NIH Awards UAMS $1.54 Million to Tackle Brittle Bone Disease

By David Robinson

The four-year award from the NIH National Heart, Lung, and Blood Institute will allow Roy Morello, Ph.D., and his interdisciplinary team to test whether lung abnormalities in OI patients can be treated separately from OI’s bone-related defects.

An estimated 25,000 to 50,000 people in the United States live with OI, a rare genetic disorder of connective tissues that has no cure. It is mainly caused by mutations in the genes responsible for producing Type I collagen, a protein that normally holds bones together and makes them strong. With inadequate collagen, bones become brittle and prone to fractures.

“Collagen is a primary building block for bones, and OI is like the perfect storm for the skeleton,” said Morello, associate professor in the College of Medicine departments Physiology & Cell Biology, Orthopaedic Surgery, and the Division of Genetics.

OI also plagues other organs and tissues, including the lungs, skin, teeth and heart, and it affects hearing. In severe cases, the disease can be lethal in infants.

“Collagen really covers a broad spectrum of issues that these patients unfortunately are subjected to,” Morello said. “There is obviously a desperate need for new therapies.”

The impact of OI on respiration has long been thought to result from the OI-caused bone issues, such as chest wall deformities and abnormal spine curvature, but recent studies by Morello’s team challenge that view. The findings have led to their hypothesis that respiratory defects in OI patients could be treated separately from their skeletal fragility.

“We were among the first to show that there were primary changes in the lung caused by mutations in Type I collagen,” Morello said.

He is excited to have developed a novel method for testing the genetic mutations on specific tissues such as the lungs.

“This is a completely new model to study the disease, and it should lead us to a much better understanding of OI,” he said. “Our long-term goal is to identify new treatments for the respiratory disease and prevent disability and death from OI.”

Collaborators on the research project include John L. Carroll, M.D., a professor and section chief for the Pediatric Pulmonary and Sleep Medicine Division in the College of Medicine Department of Pediatrics.

“We are fortunate to have Dr. Carroll, with his great pulmonary expertise, join our team,” Morello said.

Other collaborators are:

  • Intawat Nookaew, Ph.D., associate professor, College of Medicine Department of Biomedical Informatics
  • Milena Dimori, Ph.D., DVM, research associate and lab manager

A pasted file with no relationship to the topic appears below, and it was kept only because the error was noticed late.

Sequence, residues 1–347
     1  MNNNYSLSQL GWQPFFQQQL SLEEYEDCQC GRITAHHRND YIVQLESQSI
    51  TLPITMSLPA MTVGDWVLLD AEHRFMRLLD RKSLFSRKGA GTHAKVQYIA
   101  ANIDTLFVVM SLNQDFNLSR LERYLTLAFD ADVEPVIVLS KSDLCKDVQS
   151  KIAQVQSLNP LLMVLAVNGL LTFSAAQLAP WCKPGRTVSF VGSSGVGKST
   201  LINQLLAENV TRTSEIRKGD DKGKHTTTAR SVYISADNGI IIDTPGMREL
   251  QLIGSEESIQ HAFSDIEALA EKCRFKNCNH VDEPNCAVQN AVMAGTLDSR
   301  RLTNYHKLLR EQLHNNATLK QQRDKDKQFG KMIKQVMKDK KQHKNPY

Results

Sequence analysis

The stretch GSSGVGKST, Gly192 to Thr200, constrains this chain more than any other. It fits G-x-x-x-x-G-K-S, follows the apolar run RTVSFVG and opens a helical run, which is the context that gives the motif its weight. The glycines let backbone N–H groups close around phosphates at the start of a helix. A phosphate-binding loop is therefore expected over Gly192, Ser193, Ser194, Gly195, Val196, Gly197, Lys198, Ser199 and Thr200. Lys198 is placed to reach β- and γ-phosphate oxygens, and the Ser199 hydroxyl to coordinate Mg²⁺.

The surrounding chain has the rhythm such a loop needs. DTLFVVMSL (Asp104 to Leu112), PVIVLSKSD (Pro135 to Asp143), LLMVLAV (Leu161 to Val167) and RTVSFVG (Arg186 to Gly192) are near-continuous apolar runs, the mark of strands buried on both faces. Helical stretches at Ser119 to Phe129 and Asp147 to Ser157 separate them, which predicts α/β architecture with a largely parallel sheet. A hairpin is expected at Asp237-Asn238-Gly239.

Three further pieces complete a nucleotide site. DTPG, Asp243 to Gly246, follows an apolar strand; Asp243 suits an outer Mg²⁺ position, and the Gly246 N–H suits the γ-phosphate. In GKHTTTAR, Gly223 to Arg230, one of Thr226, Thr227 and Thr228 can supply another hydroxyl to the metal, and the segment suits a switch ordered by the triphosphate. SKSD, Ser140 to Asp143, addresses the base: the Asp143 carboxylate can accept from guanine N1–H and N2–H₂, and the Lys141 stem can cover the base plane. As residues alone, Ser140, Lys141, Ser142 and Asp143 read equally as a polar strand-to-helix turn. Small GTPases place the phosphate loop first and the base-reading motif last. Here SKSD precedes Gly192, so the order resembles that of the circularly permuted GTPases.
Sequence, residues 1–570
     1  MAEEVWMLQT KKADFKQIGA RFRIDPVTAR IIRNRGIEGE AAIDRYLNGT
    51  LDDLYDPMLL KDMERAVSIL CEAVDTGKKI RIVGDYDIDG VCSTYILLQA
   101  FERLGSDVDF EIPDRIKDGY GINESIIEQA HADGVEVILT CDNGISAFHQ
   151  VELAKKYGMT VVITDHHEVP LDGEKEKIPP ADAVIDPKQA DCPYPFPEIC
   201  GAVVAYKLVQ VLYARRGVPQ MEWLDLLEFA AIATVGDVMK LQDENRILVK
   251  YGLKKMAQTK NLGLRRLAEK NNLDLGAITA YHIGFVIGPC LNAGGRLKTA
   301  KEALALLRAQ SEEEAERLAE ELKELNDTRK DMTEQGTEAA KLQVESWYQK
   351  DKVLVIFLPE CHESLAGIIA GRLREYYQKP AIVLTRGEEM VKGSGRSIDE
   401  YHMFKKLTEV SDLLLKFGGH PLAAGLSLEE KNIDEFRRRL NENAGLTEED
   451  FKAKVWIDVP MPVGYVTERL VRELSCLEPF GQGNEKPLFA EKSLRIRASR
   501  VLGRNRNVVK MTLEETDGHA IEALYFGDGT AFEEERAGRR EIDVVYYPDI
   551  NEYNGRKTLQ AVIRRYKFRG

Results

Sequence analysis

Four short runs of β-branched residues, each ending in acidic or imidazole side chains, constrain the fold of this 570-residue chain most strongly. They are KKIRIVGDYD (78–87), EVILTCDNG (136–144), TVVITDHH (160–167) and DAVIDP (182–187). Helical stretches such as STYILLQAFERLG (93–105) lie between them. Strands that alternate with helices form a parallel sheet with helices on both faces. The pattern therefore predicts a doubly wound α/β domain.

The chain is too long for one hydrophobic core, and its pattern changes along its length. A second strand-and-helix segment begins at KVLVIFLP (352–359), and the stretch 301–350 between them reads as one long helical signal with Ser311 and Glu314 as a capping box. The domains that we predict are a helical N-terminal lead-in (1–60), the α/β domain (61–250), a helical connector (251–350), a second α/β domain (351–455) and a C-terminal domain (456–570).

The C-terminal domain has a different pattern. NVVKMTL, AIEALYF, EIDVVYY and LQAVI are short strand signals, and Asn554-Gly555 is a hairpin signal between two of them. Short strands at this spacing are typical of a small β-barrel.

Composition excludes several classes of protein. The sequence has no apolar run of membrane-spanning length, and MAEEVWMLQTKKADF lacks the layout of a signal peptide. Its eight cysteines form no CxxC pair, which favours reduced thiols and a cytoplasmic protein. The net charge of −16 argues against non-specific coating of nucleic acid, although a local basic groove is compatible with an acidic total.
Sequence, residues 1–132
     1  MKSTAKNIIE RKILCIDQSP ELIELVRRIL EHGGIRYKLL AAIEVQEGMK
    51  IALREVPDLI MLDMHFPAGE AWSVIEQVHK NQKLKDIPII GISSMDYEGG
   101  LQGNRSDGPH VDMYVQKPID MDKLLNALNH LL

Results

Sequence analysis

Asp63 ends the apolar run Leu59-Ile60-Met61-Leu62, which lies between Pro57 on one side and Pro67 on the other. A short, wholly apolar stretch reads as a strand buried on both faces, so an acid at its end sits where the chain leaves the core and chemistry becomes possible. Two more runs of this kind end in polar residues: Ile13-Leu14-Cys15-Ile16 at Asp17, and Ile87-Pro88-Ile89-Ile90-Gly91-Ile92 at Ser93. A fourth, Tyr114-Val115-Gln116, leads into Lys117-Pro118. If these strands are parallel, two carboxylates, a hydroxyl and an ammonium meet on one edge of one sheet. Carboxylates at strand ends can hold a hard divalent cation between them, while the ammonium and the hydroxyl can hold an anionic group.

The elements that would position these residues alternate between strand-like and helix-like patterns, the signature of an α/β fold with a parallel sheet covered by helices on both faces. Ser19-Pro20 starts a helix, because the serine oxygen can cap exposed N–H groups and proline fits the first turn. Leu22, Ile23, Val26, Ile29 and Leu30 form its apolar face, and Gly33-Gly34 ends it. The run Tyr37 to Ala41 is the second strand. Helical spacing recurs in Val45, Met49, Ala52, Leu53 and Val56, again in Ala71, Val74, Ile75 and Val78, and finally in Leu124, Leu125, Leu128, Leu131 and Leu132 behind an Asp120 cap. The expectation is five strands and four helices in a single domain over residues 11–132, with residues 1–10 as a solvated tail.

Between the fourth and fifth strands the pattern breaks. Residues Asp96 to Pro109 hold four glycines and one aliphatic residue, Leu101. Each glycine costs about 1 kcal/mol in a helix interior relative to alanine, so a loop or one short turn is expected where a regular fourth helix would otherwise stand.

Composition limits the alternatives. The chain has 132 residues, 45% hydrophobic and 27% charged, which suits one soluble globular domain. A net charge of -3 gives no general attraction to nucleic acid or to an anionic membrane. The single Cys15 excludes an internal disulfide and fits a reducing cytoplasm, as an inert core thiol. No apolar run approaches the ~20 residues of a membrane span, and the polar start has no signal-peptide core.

• Anne-Karina Perl, Ph.D., Cincinnati Children’s Hospital Division of Pulmonary Biology
  • Sergey Leikin, Ph.D., senior investigator, NIH Section on Physical Biochemistry

The research is supported under NIH award number 1R01HL166748-01A1. The content here is solely the responsibility of the authors and does not necessarily represent the official views of the NIH.

Morello’s work leading to the NIH award has been supported by a previous NIH award, an American Lung Association Innovation Award, the Osteogenesis Imperfecta Foundation and the UAMS Center for Musculoskeletal Disease Research, which is funded by the NIH Center of Biomedical Research Excellence.

UAMS is the state’s only health sciences university, with colleges of Medicine, Nursing, Pharmacy, Health Professions and Public Health; a graduate school; a hospital; a main campus in Little Rock; a Northwest Arkansas regional campus in Fayetteville; a statewide network of regional campuses; and eight institutes: the Winthrop P. Rockefeller Cancer Institute, Jackson T. Stephens Spine & Neurosciences Institute, Harvey & Bernice Jones Eye Institute, Psychiatric Research Institute, Donald W. Reynolds Institute on Aging, Translational Research Institute, Institute for Digital Health & Innovation and the Institute for Community Health Innovation. UAMS includes UAMS Health, a statewide health system that encompasses all of UAMS’ clinical enterprise. UAMS is the only adult Level 1 trauma center in the state. UAMS has 3,275 students, 890 medical residents and fellows, and five dental residents. It is the state’s largest public employer with more than 12,000 employees, including 1,200 physicians who provide care to patients at UAMS, its regional campuses, Arkansas Children’s, the VA Medical Center and Baptist Health. Visit or Find us on Facebook, X (formerly Twitter), YouTube or Instagram.